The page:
The decade's most triggering comedy
The City of Chicago said last week that it will still go after convicted hate crime hoaxer Jussie Smollett, a felon, well over $100,000 in costs incurred by the city’s police department during their investigation into the hate crime that he staged on himself.
“The City filed a civil lawsuit against Jussie Smollett to recover costs incurred by the Chicago Police Department investigating what the City believed to be Smollett’s false police reports that he was a victim of a hate crime,” the city said in a statement. “While using a different standard of proof, the jury’s finding of guilt convicting Jussie Smollett of criminal charges stemming from the incident confirms that the City was correct in bringing its civil lawsuit.”
The statement continued, “The City intends to continue to pursue its lawsuit to hold Smollett accountable for his unlawful actions and to demand that he compensate the City for costs incurred by the Chicago Police Department which took his false claims of harm seriously.”
The City of Chicago filed the civil action in 2019 after Smollett refused to reimburse the Chicago Police Department $130,106.15 for its two-week investigation into his staged hate crime.
CNN reported in 2019:
Chicago’s Department of Law noted in the suit that over two dozen police officers and detectives spent weeks working in Smollett’s case, resulting in 1,836 overtime hours. … The complaint asks for a jury trial to determine the amount that Smollett could pay. However, Chicago could ask the actor to pay three times the amount of damages it sustained – more than $390,000 – under a current city code.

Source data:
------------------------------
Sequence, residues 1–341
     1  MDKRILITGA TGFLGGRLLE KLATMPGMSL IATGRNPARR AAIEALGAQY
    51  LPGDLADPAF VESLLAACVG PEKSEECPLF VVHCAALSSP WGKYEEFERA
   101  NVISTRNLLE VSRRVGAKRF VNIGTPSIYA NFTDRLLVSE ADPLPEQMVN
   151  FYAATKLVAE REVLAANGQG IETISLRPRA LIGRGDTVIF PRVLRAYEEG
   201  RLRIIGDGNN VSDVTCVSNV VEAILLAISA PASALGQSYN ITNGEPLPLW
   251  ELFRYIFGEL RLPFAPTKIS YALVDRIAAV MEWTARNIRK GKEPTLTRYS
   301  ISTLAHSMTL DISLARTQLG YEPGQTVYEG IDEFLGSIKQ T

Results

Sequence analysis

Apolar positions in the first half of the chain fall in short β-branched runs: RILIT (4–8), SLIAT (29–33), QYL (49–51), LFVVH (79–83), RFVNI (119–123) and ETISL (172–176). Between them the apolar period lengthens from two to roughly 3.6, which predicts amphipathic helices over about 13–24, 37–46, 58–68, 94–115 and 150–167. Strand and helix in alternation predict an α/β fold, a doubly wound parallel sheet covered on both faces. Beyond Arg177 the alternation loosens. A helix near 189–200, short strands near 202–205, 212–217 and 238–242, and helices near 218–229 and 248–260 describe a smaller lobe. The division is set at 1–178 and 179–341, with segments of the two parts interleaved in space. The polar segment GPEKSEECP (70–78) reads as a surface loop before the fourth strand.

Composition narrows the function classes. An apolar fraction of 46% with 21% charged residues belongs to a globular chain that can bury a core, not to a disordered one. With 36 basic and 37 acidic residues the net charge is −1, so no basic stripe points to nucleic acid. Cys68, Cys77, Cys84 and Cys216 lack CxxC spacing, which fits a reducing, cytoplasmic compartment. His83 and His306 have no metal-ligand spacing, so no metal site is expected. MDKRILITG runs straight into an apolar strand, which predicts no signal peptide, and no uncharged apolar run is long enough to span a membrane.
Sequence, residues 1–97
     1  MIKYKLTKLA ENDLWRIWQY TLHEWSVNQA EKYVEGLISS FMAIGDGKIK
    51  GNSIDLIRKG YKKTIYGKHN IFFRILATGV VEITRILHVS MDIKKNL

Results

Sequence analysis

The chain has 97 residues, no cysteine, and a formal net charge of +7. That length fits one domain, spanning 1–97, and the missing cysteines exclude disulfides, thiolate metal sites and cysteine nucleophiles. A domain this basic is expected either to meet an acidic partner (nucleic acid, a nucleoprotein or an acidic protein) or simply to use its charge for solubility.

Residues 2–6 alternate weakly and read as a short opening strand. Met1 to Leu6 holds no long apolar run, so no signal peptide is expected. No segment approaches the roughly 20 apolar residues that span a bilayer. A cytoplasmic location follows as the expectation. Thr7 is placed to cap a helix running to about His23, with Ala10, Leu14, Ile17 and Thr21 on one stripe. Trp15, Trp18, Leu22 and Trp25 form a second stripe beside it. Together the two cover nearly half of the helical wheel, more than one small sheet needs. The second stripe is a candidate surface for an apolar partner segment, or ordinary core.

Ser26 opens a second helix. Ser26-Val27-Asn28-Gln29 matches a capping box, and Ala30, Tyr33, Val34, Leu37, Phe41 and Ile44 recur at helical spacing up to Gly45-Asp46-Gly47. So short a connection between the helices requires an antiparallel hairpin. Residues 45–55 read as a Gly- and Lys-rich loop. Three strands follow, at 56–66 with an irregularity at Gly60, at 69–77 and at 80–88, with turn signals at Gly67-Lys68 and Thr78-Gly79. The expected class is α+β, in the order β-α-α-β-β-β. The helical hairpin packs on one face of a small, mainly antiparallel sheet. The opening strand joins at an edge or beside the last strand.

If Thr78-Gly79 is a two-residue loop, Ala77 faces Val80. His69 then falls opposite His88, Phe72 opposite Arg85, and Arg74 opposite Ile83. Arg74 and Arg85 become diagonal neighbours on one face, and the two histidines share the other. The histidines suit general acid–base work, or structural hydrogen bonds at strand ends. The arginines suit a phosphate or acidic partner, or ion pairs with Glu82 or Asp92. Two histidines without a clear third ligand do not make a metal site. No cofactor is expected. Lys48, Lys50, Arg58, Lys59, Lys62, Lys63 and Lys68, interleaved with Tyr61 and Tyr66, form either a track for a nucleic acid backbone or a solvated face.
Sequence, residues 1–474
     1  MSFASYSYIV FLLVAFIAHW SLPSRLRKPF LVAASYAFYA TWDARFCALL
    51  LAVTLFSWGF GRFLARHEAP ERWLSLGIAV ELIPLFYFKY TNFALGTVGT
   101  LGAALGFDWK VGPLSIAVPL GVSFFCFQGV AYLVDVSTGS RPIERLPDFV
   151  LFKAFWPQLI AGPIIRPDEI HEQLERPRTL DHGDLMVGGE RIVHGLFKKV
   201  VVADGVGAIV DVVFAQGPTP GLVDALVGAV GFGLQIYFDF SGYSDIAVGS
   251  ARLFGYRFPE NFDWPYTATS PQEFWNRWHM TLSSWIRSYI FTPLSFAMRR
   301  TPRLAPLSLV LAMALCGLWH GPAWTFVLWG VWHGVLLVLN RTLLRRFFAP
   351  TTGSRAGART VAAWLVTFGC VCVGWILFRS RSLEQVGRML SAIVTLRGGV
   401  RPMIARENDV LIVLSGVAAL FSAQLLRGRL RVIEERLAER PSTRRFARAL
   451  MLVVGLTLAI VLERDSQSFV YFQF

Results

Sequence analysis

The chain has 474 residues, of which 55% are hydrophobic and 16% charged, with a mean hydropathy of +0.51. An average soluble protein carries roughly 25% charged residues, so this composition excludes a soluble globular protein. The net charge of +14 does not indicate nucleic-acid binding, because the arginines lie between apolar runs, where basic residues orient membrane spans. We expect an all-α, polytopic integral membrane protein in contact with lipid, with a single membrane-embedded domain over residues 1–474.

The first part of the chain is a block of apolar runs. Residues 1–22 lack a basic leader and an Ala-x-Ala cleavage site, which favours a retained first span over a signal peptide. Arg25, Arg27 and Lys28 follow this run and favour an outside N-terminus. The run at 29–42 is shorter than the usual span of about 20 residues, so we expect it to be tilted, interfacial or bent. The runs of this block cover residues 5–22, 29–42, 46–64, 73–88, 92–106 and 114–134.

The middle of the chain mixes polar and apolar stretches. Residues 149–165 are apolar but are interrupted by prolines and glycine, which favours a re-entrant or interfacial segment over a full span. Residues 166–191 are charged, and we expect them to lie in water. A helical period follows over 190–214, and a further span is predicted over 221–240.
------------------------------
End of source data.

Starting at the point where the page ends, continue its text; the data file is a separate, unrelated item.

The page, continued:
Smollett was found guilty on Thursday of five Class 4 felonies for telling police officers and detectives myriad lies from the staged hoax that he tried to blame on purported Trump supporters. A Class 4 felony carries a maximum prison sentence of 3 years per count.
Fox News reported:
Count 1 accused him of telling responding Chicago Police Officer Muhammed Baig at around 2:45 a.m., some 45 minutes after the purported attack, that he was the victim of a hate crime. He said two attackers put a rope around his neck. Count 2 referred to Smollett telling the same officer he was a victim of a battery, describing attackers beating and pouring bleach on him.
Counts 3 and 4 stemmed from Smollett making the same claims but to a different officer, Kimberly Murray, later that morning, just before 6 a.m.
Count 5 accused Smollett of again telling Murray at around 7:15 p.m. that he was the victim of a battery. Count 6 referred to Smollett reporting on Feb. 14, 2019, to detective Robert Graves that he’d been a victim of an aggravated battery.
Speaking with reporters following the verdict, Nenye Uche, lead attorney for Smollett, said that the now-convicted felon was “100 percent confident” that he would be found innocent on appeal.
“We feel 100 percent confident that this case will be won on appeal,” Uche said. “Unfortunately, that’s not the route we wanted but sometimes that’s the route you have to take to win, especially a case where we remain 100 percent confident in our client’s innocence.”
“He’s a human being; he’s disappointed — but I will tell you this: I am very proud of him. I’m very, very proud of him,” he added. “He’s holding up very strong; he’s committed to clearing his name and he’s 100 percent confident that he’s going to get cleared by the appellate court.”